A novel coronavirus (severe acute respiratory syndrome coronavirus 2, SARS-CoV-2) causing a cluster of respiratory infections (coronavirus disease 2019, COVID-19) in Wuhan, China, was identified on 7 January 2020. The epidemic quickly disseminated from Wuhan and as at 12 February 2020, 45,179 cases have been confirmed in 25 countries, including 1,116 deaths. Strengthened surveillance was implemented in France on 10 January 2020 in order to identify imported cases early and prevent secondary transmission. Three categories of risk exposure and follow-up procedure were defined for contacts.
Almost half of the confirmed COVID-19 cases detected so far in the United Kingdom are part of a large cluster of 13 British nationals who tested positive for SARS-CoV-2 in the UK, Spain, and France. Transmissions among this cluster occurred at a ski resort in France, and originated from a single infected traveller returning from a conference in Singapore where he acquired the virus. At least 21 individuals were exposed to the virus, tested, and quarantined, with 13 of those testing positive between the period of 6th February and 15th February.
BACKGROUND: On Dec 31, 2019, China reported a cluster of cases of pneumonia in people at Wuhan, Hubei Province. The responsible pathogen is a novel coronavirus, named severe acute respiratory syndrome coronavirus 2 (SARS-CoV-2). We report the relevant features of the first cases in Europe of confirmed infection, named coronavirus disease 2019 (COVID-19), with the first patient diagnosed with the disease on Jan 24, 2020.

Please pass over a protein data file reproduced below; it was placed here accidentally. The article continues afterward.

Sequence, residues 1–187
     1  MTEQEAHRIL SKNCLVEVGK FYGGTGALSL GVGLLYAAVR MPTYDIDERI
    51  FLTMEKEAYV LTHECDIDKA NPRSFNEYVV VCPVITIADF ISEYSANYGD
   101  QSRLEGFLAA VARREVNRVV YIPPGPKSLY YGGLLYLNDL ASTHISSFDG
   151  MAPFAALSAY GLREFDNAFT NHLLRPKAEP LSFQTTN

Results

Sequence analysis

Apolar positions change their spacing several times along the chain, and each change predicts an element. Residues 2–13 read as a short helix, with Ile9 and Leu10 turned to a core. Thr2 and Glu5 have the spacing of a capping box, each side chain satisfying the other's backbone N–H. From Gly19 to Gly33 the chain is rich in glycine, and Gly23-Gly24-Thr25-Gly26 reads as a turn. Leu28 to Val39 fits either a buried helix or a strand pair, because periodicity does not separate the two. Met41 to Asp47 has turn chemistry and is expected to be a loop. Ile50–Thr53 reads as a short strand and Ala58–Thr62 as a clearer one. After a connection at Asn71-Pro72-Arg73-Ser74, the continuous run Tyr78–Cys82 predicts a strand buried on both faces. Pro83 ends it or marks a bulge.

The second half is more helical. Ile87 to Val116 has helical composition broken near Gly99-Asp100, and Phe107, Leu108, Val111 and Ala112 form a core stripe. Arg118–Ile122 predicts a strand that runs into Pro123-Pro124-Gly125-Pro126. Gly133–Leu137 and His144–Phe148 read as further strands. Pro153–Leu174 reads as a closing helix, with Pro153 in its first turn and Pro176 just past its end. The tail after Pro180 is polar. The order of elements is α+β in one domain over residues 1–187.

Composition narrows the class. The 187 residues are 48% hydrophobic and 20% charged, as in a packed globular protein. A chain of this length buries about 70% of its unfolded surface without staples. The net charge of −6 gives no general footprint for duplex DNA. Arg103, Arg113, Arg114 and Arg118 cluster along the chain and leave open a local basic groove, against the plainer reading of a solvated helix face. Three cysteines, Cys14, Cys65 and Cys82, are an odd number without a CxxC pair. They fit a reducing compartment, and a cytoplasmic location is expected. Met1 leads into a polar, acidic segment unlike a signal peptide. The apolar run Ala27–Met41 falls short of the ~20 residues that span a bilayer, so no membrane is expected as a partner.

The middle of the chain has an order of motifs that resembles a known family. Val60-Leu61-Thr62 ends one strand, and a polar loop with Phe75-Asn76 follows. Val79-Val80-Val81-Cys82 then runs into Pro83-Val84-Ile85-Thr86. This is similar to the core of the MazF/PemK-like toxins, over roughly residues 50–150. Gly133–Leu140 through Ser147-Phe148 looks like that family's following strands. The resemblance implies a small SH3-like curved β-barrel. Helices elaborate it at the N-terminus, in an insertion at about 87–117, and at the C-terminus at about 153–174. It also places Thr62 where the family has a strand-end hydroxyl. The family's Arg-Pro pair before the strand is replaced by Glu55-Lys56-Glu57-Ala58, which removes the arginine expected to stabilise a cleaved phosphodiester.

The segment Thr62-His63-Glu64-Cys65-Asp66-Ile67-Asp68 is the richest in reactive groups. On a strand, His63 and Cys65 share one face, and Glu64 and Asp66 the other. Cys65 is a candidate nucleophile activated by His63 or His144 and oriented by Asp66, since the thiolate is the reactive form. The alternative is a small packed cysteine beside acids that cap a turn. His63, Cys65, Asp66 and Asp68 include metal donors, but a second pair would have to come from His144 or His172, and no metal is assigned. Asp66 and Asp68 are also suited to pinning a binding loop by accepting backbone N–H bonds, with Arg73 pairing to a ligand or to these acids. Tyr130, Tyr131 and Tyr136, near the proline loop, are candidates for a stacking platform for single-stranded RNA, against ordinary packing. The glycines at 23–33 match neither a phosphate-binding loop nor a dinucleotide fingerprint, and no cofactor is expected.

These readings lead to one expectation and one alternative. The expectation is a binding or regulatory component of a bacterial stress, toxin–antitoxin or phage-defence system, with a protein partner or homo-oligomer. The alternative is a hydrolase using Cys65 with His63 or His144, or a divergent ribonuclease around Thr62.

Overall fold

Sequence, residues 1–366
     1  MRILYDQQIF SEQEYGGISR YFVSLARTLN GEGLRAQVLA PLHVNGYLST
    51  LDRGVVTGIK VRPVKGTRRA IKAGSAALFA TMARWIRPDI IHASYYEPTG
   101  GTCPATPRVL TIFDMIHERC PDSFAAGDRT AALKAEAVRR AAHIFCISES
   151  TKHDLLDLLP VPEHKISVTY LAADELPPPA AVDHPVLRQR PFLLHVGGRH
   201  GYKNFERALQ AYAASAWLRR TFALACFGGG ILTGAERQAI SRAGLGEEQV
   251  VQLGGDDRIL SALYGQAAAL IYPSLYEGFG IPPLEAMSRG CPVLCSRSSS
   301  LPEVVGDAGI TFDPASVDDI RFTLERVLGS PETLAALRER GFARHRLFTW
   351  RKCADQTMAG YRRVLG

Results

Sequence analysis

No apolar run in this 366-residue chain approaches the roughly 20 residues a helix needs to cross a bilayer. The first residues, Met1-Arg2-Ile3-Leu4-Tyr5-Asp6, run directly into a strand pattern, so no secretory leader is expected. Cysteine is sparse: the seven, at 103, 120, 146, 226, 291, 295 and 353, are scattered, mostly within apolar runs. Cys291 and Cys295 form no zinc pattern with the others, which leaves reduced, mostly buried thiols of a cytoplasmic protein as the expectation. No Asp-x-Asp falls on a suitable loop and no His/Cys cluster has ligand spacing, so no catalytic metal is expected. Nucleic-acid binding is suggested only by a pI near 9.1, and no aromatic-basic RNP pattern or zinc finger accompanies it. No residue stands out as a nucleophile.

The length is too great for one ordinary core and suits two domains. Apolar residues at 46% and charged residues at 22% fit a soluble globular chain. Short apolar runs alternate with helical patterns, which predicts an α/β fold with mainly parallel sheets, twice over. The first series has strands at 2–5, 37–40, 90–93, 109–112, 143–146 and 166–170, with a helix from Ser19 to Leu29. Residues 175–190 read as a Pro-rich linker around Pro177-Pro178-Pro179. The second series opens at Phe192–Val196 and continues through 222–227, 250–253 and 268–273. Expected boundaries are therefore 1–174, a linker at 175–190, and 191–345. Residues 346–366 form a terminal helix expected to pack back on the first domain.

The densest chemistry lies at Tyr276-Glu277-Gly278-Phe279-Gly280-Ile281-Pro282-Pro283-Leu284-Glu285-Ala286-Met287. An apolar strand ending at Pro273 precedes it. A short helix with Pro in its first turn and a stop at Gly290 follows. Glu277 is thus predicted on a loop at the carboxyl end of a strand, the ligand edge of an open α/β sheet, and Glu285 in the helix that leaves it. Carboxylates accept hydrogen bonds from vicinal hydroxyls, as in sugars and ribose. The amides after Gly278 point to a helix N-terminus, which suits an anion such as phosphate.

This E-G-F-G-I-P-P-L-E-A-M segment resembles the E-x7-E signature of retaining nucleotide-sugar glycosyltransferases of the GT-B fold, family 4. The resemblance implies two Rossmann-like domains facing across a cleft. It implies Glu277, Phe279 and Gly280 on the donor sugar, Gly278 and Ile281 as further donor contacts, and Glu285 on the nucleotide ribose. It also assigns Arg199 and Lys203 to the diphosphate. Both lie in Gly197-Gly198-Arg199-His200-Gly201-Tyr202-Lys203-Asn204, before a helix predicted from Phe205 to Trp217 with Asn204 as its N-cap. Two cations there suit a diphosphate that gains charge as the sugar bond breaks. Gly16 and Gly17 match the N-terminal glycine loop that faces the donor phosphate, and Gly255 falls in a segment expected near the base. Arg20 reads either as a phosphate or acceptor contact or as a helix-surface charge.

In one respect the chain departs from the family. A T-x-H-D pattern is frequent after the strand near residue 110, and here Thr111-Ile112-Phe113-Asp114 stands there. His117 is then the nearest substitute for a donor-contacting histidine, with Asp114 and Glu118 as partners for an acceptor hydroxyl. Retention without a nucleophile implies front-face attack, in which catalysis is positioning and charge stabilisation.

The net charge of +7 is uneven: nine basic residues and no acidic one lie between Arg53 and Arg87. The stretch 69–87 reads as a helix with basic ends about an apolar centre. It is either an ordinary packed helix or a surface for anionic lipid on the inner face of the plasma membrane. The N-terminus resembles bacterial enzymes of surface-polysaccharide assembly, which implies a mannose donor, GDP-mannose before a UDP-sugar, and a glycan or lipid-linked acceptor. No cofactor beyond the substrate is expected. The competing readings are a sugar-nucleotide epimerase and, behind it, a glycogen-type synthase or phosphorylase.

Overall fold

In the WHO European Region, COVID-19 surveillance was implemented 27 January 2020. We detail the first European cases. As at 21 February, nine European countries reported 47 cases. Among 38 cases studied, 21 were linked to two clusters in Germany and France, 14 were infected in China. Median case age was 42?years; 25 were male. Late detection of the clusters' index cases delayed isolation of further local cases. As at 5 March, there were 4,250 cases.
Background Within health systems, equity between migrants and native-born citizens is still a long way from being achieved. Benchmarking the equitability of policies on migrant health is essential for monitoring progress and identifying positive and negative aspects of national policies. For this purpose, the 2015 round of the Migrant Integration Policy Index (MIPEX) was expanded to include a strand on health, in a collaborative project carried out between 2013 and 2017 in 38 countries.
The project aims at addressing specific integration needs of VoTs in the target countries by involving officials as well as NGOs practitioners on devising approaches to ensure the integration of VoTs through a partnership between the International Organization for Migration (IOM) and five EU Member States: France, Belgium, United Kingdom, Italy and Hungary. These countries were chosen as they encompass a wide spectrum of situation making them representative of all situations present in the EU.
This paper aims to highlight the common denominator of cultural training demands and responses of mental health professionals, regardess of the healthcare system, the Europen country of the migrant community concerned, as well as the basic elements to efficiently implement cultural competency within the mental healthcare setting.